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  • We Get Letters – v. 17: Cheese and Temperature

    From the inbox:

    Hi Kate,

    I love your blog. Thanks for your cheese suggestions. I’m hoping you can help me with a cheese question.

    I’ve been searching the web for the last hour on brie. I’m disappointed. It seems that lots of folks want to cut the rind off before serving, or dress it up with honey and puff pastry. I haven’t found any info on how to ripen your brie so it is ready in time for a party. I was at a very nice wine tasting today where they served very nice cheeses. I loved the Le Delice and Saint Andre cheeses, and they were served ripe- soft and delicious. The Presidente Brie on the other hand, was warm but not ripe- tough throughout, and cut almost like it was cold. Also, folks were eating the center out of the brie which was kind of weird, but made sense as it was so hard. Are we Americans simply baking our Brie and eating the center out rather than learning how to ripen it? The whole situation seems very odd.

    I wish I knew how to time the ripening of my Brie. Right now I just leave it in the fridge forever until I remember I forgot about it, then warm it, and dig in to fabulousness. Although it is possible that my love of old stinky cheeses is making me turn Brie into a new animal- a limburger alternative.

    Thanks for any insight,

    Elisa

    Ah Elisa, you’ve discovered something that shocked me when I finally understood what was going on. In short, we Americans are woefully uneducated in the way of cheese. For proof of this fact, one needs only to peruse the dairy aisle and see the huge chunks of orange monstrosities that can only be called cheese in the loosest definition of the term.

    But we are getting smarter, even if it’s only through small steps. That people are now eating brie* on a regular basis is a good thing, as I think brie can be best called a “gateway cheese”. If served well, brie can help people move on to more complex and interesting cheeses.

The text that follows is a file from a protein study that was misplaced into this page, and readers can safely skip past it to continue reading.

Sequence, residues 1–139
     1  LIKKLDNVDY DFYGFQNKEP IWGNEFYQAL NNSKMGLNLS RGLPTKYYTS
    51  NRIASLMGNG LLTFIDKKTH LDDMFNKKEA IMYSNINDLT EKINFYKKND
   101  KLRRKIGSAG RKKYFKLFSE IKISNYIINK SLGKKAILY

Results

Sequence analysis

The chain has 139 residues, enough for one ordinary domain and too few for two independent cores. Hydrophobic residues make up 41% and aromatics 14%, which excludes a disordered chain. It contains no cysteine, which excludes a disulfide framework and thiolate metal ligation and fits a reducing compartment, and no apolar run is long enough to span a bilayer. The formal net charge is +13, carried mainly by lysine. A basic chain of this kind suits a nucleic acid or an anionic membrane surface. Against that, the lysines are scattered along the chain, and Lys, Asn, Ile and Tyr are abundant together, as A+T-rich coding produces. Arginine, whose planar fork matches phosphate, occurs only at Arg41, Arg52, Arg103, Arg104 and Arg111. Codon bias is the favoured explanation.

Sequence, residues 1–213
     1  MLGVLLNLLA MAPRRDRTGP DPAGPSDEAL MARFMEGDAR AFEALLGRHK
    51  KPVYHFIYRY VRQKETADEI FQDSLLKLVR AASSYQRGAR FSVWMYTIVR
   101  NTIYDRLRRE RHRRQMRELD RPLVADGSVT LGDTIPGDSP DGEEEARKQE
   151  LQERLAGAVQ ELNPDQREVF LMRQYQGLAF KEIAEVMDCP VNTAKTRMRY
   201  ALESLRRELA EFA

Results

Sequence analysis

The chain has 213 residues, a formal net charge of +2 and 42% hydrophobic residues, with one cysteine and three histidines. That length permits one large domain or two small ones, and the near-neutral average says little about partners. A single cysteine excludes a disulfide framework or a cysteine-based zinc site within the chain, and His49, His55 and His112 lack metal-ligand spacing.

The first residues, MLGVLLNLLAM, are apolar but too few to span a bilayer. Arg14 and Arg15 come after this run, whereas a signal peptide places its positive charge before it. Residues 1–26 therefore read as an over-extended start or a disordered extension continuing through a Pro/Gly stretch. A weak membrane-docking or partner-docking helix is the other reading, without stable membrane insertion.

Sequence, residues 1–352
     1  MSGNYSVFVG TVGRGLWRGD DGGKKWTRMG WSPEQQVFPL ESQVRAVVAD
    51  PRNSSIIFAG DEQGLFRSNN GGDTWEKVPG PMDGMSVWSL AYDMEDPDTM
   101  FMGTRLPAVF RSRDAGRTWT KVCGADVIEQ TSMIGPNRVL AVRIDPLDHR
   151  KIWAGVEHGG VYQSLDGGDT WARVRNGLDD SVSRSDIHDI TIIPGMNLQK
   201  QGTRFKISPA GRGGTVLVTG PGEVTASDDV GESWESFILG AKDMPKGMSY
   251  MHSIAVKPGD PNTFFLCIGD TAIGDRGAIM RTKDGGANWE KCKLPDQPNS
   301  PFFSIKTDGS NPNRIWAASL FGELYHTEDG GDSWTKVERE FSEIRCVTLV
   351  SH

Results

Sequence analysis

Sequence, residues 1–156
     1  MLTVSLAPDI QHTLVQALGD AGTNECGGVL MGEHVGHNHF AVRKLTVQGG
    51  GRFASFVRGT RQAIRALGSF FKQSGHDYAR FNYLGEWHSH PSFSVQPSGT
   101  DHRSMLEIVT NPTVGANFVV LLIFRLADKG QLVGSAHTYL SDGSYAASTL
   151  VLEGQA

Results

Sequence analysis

But there’s the question, isn’t it? How does one serve cheese well? The answer is simple, but may require you to take a leap of faith.

    For years we’ve been told “don’t leave food out!”, for fear of disease and expanding bacteria that causes it. What’s been lost is that bacteria and cheese are best of buds and their friendship should be encouraged. The most efficient way to do this is to let the entire cheese get to room temperature. The side benefit from this is that some cheeses will get to that beautiful runny consistency, including some of the better bries that are out there.

    My own rule of thumb when it comes to cheeses is the following: Once I purchase a cheese, if I intend to eat all of it within 2 days, it will never see my refrigerator. This may abhor some of you out there. Some of you may abhor my choice. I won’t deny that there may be risks involved, but the rewards far outweigh them. For the record, an eater of room temperature cheese has about a 1 in 100,000 chance of getting the disease that comes from eating at risk foods (listeria). However, if you’re pregnant or if your immune system is compromised, you may want to consider your options, as you’re more at risk.

    Lest you think that I am alone in this recommendation, let me point you to a tool that Jack had pointed out to me, the Cheese Safe. The goal of the safe? To provide a space on your countertop that allows your cheese to ripen over a day or two.

    In getting back to your question Elise, here’s what I recommend. Let your brie sit out at least 24 hours prior to when you wish to serve it. When you serve it, dig in to the soupy, runny part that the rest of your friends are ignoring. The taste will be worth it.

    * It should be noted that most bries found in the States are in fact, not brie at all. True brie is made with raw milk, and not pasteurized milk. It makes all the difference in the world.

    Technorati Tags: Food and Drink, cheese, cheese ripening


    Tags: cheese, Tips and Tricks, We Get Letters